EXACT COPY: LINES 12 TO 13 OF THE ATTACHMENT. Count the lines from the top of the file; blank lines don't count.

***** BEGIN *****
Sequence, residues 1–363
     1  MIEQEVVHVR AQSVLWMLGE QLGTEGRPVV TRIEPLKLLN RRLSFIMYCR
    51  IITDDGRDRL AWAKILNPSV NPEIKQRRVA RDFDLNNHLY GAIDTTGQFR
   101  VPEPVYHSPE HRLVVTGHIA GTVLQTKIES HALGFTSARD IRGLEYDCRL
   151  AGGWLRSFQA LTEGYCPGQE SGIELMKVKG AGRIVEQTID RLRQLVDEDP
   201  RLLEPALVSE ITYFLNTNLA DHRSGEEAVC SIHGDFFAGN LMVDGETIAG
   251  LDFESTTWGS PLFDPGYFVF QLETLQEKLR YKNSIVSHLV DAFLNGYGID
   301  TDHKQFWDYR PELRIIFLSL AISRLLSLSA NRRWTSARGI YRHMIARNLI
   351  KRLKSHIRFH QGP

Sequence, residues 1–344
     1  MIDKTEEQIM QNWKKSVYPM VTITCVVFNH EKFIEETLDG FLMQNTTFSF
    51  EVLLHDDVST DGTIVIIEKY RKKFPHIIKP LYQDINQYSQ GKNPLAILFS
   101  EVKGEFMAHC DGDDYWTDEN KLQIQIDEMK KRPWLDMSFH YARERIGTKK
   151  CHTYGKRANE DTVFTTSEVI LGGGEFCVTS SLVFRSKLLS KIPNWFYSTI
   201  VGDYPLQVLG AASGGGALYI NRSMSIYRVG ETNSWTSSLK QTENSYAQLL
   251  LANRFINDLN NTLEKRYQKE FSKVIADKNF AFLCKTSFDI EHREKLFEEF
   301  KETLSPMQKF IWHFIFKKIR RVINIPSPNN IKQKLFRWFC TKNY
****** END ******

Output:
    51  EVLLHDDVST DGTIVIIEKY RKKFPHIIKP LYQDINQYSQ GKNPLAILFS
   101  EVKGEFMAHC DGDDYWTDEN KLQIQIDEMK KRPWLDMSFH YARERIGTKK